James King Hewison, M. A., F. S. A.(Scot.), in The Isle of Bute in the Olden Time (1893, vol. I) makes the interesting observation: “.. the inmate of a deiscirt or cell was a Culdee, and the reference is one of the first importance, in so far as it suggests a different explanation of the special functions of that order from what is generally accepted by historical students.. This call of the Culdee from the solitary life of the desert, where, cut off from all human interests, the life of another was of small moment to him, to undertake humane work in its most difficult form, prompts the inquiry whether or not the Culdees were not the Christianised successors of the Druada, or priestly magicians, who pretended to possess miraculous powers.” The Culdee/desert connection is also noted by the Benedictine scholar historian, Sir Hugh Cressy, who when writing about “the Culdees or Religious servants of God” goes on to say: “If we speak of the prime originall of these Culdei, we have already shewd that they began long before, when by reason of the furious persecution rais’d by Diocletian [3rd century A. D], a world of Christians retir’d themselves into desarts, there with safety and vacancy to attend to God by Prayer and Religious austerities, who therfore were call’d Colidei, and corruptly Culdei.” (The Church History of Brittany from the Beginning of Christianity to the Norman Conquest, 1668, Rouen)

Can we trace any specific links between the Druid/Culdee tradition in Celtic Britain, particularly Scotland and Ireland, and the Essenes and other monastic traditions of the Middle East and Egypt, such as the Egyptian Coptic Christian Church? The monastic Culdees appear to have had their origin in the roots of Celtic Christianity in the British Isles dating back to the early centuries A. D., with possible apostolic connections. Indeed, the Culdees appear in some respects to have carried forward elements of an earlier pre-Christian Druidic tradition, and they have been called “Christian heirs of the Druids”.[4] Many of their monastic sites and settlements overlaid earlier pre-Christian Druidic sites of worship, Iona being a prime example, which was known anciently as the ‘Druid’s Isle’. Moreover, the Culdees claimed that the tenets of their teaching derived directly from the disciples of St. John, who would have come either directly, or indirectly, from the Middle East.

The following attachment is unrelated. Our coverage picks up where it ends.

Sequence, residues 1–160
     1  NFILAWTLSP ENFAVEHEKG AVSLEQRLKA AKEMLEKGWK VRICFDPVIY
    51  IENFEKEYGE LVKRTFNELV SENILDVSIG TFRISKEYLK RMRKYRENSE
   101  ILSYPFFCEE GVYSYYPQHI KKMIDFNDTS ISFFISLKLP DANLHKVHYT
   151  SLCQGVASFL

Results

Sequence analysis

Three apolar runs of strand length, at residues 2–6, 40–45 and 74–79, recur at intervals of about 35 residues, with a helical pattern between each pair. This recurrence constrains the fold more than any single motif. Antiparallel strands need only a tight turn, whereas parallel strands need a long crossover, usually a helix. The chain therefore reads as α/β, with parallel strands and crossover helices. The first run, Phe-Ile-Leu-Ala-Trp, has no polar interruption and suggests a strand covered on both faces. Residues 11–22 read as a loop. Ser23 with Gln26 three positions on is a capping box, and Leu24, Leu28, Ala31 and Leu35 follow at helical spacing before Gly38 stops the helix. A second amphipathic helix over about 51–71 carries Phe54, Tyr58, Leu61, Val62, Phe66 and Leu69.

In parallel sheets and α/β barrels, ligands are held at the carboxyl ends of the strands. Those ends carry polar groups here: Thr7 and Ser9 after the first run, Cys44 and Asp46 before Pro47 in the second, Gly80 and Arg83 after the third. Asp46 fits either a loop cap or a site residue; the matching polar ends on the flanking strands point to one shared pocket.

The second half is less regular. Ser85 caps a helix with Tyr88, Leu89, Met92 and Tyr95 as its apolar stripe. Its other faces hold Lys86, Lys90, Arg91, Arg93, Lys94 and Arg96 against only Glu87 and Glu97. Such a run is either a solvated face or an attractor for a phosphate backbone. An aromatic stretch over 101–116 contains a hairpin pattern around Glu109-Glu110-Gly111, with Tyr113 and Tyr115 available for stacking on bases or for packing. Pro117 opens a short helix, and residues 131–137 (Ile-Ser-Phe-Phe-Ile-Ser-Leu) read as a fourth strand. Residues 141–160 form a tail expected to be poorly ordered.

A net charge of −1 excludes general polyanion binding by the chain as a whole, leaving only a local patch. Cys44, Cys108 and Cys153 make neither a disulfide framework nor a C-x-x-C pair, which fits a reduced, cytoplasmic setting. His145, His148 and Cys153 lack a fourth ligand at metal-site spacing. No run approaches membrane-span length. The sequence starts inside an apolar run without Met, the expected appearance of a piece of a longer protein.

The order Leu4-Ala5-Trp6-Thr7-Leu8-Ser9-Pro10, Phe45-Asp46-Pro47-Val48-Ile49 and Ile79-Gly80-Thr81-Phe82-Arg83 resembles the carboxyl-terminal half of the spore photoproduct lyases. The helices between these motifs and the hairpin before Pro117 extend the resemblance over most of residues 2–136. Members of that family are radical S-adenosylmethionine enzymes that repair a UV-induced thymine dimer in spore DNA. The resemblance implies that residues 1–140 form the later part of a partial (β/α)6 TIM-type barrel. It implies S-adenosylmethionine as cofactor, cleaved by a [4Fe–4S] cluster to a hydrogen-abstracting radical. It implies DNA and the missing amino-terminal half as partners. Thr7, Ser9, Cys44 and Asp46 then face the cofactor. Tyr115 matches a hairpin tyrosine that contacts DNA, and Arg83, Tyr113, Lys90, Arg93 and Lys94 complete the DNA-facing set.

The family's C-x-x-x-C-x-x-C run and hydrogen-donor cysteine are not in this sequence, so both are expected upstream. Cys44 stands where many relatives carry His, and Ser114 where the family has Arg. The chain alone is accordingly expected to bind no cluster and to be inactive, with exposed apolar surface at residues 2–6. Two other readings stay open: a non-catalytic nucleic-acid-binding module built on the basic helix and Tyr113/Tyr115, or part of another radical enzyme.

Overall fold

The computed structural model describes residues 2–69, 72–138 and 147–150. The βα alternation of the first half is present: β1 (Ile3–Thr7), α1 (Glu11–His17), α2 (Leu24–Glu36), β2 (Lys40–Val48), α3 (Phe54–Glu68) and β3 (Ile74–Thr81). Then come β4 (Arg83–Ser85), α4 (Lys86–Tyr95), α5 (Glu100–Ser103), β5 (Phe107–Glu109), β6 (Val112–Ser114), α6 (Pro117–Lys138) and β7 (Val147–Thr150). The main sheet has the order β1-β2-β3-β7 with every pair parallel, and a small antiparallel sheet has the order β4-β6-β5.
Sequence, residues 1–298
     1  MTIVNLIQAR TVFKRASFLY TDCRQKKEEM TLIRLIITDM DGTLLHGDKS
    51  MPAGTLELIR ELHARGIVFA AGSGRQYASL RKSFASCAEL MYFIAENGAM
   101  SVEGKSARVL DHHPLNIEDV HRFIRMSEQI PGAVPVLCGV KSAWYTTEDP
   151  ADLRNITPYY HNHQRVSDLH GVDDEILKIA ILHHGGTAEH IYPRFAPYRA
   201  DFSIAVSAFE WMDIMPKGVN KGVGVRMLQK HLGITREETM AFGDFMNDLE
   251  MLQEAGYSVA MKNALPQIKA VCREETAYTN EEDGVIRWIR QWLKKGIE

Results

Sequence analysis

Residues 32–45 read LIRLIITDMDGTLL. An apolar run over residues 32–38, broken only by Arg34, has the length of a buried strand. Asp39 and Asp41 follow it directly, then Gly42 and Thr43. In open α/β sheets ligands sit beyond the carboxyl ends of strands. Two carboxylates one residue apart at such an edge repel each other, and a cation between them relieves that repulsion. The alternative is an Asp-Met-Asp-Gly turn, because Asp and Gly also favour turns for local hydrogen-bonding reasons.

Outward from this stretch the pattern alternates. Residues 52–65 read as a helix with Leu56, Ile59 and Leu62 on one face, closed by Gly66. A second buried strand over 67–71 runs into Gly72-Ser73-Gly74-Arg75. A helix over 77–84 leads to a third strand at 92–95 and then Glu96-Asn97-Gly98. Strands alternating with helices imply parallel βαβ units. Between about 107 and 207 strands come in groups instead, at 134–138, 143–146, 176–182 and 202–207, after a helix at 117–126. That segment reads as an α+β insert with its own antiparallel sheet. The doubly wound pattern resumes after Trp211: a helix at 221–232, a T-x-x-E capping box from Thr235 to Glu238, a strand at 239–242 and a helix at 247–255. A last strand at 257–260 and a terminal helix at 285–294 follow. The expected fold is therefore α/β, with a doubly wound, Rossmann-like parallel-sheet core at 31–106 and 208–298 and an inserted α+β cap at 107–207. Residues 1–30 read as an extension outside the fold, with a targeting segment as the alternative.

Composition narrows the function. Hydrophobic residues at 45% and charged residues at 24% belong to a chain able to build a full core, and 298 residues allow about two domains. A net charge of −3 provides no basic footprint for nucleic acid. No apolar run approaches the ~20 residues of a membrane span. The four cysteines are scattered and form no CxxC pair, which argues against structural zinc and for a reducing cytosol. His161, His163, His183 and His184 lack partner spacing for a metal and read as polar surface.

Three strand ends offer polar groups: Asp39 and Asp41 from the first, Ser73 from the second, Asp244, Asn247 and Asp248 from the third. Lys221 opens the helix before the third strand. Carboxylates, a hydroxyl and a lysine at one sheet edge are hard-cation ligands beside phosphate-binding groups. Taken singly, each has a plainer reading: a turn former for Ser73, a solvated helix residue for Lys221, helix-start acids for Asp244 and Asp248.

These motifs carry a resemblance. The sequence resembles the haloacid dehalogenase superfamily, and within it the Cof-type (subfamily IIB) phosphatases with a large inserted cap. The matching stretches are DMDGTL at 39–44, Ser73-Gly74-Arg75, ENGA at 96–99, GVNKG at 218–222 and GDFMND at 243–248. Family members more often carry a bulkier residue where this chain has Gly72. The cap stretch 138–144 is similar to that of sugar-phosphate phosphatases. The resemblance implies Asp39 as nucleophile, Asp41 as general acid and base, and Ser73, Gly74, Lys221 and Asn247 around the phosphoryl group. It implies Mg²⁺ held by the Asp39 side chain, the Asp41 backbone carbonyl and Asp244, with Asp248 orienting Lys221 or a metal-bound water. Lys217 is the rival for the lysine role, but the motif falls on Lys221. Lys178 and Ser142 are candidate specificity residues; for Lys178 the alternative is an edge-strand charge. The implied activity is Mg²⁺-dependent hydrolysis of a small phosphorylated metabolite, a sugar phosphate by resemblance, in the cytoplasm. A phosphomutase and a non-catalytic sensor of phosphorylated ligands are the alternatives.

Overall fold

The Essene-Culdee connection is confirmed by the researches of the 19th century antiquary, Godfrey Higgins, who in his erudite work The Celtic Druids (1829) states: “The result of all the inquiries which I have made into the history of the Culdees is, that they were the last remains of the Druids, who had been converted to Christianity, before the Roman Church got any footing in Britain. They were Pythagorean Druidical monks, probably Essenes, and this accounts for their easily embracing Christianity: for the Essenes were as nearly Christians as possible [5] …. The fact of the Culdees having succeeded by hereditary descent, is extremely important. It is so very different from the practice under the Christian religion, that it tends strongly to confirm the suspicion that these people were Druids. It is nowhere to be found except where the Druids have been.” Moreover, according to James Bonwick: “Iona had certainly a Druidical college till the community was expelled by Columba for his own community, and the Highlanders still recognise it as the Druid’s Isle. An old statistical work says, ‘the Druids undoubtedly possessed Iona before the introduction of Christianity.’ It must be admitted that the Culdees wore a white dress, as did the Druids, [and the Essenes] and that they occupied places which had a Druidical reputation. They used the Asiatic cross, now called that of St. Andrew’s.”[6] Notably, in an Irish version of the gospel of St. Matthew, the phrase “there came wise men from the east” is rendered “the Druids came from the east.” In like manner, in the Old Testament, Exodus vii. II, the “magicians of Egypt” are made “Druids of Egypt.”[7] ……..